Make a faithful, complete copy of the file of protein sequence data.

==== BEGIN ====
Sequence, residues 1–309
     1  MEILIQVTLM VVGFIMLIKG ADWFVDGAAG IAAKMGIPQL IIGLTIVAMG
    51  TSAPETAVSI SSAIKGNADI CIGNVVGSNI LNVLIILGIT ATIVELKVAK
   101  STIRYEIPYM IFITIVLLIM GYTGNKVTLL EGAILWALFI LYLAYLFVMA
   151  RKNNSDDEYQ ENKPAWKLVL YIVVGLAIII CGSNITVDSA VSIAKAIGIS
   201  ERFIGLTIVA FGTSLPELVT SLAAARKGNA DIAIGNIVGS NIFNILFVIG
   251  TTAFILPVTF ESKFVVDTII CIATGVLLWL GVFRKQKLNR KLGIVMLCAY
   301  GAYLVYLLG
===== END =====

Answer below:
Sequence, residues 1–309
     1  MEILIQVTLM VVGFIMLIKG ADWFVDGAAG IAAKMGIPQL IIGLTIVAMG
    51  TSAPETAVSI SSAIKGNADI CIGNVVGSNI LNVLIILGIT ATIVELKVAK
   101  STIRYEIPYM IFITIVLLIM GYTGNKVTLL EGAILWALFI LYLAYLFVMA
   151  RKNNSDDEYQ ENKPAWKLVL YIVVGLAIII CGSNITVDSA VSIAKAIGIS
   201  ERFIGLTIVA FGTSLPELVT SLAAARKGNA DIAIGNIVGS NIFNILFVIG
   251  TTAFILPVTF ESKFVVDTII CIATGVLLWL GVFRKQKLNR KLGIVMLCAY
   301  GAYLVYLLG